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Richard Dobroň
Richard Dobroň

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Localizing PHP application with FBT instead of standard i18n

Since about 2010, I have been looking for a translation framework for PHP that can generate very complex phrases and at the same time combine options such as singular/plural and work with genders (male, female, unknown) and ideally also format numbers according to the standards of the given country or region — unsuccessfully. In 2018, Facebook released FBT — an open source localization framework that provides a more efficient way of defining content for flexible and high-quality localization. I didn’t hesitate at all. I gradually started to rewrite this JavaScript version into PHP, and even if a few small things were not entirely according to the original code, I succeeded. It was my challenge that I finished in about 40 days (better said, evenings 😊).

There are many reasons why the common i18n libraries are very inadequate. The main ones are:

  • misunderstanding of the native text by the translator (does not know the context),
  • insufficient/nonsensical code combinations for translation,
  • do not support features like enums or pronouns,
  • and many more…

Fortunately, FBT can solve all of this. However, it is not easy to use it for the first time when you are not familiar with it. But I will be happy to advise you on how to use it.

1. Install the FBT package

composer require richarddobron/fbt
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2. Set your FBT configuration

require ("vendor/autoload.php");

\fbt\FbtConfig::set('author', 'your name/team');
\fbt\FbtConfig::set('project', 'project name');
\fbt\FbtConfig::set('path', '/path/to/storage/fbt');
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3. Language and gender settings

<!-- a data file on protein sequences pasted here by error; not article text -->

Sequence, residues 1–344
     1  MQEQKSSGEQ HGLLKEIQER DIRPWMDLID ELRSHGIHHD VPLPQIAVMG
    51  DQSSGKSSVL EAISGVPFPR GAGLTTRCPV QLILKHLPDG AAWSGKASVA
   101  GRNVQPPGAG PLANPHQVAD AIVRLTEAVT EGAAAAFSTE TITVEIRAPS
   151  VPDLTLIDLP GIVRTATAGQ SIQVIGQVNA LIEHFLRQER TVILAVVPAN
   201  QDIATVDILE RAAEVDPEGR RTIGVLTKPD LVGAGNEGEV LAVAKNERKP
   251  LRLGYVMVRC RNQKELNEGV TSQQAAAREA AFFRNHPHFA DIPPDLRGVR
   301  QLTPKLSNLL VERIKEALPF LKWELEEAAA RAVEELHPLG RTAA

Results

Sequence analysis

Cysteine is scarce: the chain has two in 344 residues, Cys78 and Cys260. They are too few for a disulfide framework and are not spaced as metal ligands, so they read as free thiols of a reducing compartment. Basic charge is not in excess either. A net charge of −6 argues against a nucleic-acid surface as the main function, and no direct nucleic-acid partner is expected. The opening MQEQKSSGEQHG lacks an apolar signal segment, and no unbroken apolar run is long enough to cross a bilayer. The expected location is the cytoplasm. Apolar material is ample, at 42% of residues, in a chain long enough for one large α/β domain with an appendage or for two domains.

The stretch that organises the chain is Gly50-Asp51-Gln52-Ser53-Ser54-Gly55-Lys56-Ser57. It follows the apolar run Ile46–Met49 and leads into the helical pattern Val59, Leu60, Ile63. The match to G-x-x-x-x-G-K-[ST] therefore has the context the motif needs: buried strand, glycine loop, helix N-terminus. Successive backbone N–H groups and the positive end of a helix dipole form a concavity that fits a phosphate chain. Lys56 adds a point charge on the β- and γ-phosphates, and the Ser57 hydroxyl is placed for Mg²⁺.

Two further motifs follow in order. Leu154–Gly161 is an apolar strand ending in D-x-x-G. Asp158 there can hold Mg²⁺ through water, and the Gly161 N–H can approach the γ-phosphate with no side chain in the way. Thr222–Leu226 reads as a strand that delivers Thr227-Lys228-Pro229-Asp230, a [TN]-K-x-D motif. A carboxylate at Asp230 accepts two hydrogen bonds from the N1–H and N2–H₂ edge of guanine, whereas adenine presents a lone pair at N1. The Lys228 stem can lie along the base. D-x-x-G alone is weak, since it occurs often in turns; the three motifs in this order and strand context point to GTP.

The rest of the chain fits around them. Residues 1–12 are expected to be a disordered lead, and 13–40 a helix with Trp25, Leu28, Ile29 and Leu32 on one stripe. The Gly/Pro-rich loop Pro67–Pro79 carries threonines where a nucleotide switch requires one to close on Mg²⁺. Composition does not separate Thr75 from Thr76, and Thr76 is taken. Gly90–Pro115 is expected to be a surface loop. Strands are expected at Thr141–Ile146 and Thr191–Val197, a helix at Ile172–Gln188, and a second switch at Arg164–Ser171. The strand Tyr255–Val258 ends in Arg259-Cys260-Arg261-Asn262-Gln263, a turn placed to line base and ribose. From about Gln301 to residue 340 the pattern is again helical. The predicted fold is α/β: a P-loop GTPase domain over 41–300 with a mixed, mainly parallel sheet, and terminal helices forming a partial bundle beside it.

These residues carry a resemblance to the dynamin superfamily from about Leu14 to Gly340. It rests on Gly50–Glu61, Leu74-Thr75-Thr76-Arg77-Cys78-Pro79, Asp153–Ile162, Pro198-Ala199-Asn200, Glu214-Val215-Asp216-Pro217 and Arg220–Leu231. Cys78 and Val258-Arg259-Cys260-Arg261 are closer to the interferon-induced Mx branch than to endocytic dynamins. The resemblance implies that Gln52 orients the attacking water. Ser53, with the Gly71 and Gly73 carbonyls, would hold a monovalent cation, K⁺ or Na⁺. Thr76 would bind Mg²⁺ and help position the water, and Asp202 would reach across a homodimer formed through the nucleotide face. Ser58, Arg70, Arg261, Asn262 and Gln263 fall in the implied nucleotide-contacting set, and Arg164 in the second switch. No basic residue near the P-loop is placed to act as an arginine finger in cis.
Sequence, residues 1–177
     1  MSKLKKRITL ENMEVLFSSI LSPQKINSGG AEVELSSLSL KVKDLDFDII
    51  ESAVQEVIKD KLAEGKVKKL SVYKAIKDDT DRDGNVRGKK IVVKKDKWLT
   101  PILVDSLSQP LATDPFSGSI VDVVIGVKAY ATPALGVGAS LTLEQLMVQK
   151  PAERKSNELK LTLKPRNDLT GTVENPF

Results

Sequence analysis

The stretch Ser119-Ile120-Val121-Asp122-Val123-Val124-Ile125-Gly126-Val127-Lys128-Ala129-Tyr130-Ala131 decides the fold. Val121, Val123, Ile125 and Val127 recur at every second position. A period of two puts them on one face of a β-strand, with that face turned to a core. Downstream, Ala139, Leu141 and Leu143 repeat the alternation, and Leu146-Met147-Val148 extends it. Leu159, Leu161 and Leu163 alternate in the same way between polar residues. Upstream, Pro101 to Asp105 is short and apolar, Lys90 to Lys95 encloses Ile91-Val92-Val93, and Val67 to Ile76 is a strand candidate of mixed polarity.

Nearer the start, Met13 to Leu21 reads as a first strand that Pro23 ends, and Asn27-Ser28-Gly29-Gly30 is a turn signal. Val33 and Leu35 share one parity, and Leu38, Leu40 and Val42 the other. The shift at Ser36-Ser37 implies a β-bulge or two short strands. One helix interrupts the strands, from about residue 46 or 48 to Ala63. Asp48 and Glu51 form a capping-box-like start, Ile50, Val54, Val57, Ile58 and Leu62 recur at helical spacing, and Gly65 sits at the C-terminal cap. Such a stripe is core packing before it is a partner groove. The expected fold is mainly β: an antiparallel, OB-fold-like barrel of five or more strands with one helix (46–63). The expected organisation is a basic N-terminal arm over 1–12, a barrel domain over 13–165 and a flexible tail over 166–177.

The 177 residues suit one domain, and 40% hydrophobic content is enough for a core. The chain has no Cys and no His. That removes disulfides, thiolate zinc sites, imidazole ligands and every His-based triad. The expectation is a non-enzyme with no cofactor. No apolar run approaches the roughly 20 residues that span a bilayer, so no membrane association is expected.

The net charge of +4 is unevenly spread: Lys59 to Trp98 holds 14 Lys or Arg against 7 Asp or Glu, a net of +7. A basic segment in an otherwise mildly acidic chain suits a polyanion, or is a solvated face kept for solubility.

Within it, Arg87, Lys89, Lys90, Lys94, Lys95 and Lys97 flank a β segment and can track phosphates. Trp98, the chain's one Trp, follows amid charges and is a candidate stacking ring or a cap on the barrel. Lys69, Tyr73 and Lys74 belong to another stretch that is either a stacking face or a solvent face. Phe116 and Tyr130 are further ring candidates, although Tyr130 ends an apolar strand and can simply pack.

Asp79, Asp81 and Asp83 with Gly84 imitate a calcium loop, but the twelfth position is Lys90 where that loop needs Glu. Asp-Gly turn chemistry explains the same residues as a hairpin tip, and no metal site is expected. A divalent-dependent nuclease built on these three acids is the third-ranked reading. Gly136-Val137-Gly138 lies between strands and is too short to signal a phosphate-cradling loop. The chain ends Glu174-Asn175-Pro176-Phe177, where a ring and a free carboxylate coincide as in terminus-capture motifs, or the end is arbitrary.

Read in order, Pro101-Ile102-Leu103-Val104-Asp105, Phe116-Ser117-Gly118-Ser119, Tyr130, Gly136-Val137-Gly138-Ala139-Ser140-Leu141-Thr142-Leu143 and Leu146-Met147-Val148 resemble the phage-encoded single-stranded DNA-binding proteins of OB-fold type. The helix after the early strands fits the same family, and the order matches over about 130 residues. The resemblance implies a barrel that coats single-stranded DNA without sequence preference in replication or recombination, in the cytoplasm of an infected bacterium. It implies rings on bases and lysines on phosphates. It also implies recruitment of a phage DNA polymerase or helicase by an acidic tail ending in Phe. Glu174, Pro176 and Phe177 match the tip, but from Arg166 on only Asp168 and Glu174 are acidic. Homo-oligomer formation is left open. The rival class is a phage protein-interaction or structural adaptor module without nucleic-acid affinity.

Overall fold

If you just want to change the interface language, just use:

\fbt\FbtHooks::locale('sk_SK'); // app locale
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If you have an application in which users log in, you can use the interface IntlViewerContextInterface:

After implementation, set viewerContext:

$loggedUserDto = ...;
\fbt\FbtConfig::set('viewerContext', $loggedUserDto);
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4. Prepare translations files

Facebook has devised their own system of labeling languages, you can find a list of them at this link.
From this list, choose the languages into which you want to translate your website or application.
I usually add them to the directory /storage/fbt/
File name will look like this: sk_SK.json

5. Add FBT scripts to composer.json

6. Add your texts

Native phrases are always expected in English, it might look something like this:

7. Translate collected texts

This is what the collected source strings look like in the .source_strings.json file after script execution:

Now we are ready to generate a file in which we will write the translations for the collected source strings:

composer run generate-translations
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The /storage/fbt/sk_SK.json file now contains the hash keys of the source phrases that we can now translate. I make translations into Slovak, so I can use the gender of the {name} token and adapt the variations of the given text precisely. This step is a bit difficult for some translations with variants, as you have to work with the variations key.
You can also find several types of translations at this link.

After completing the translations, we run the command that creates the translations for the application:

composer run translate-fbts
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Finally, this command will generate a production file with translations using Jenkins hash.

Your app is now translated! Hurray!

Thanks for reading 🙏.

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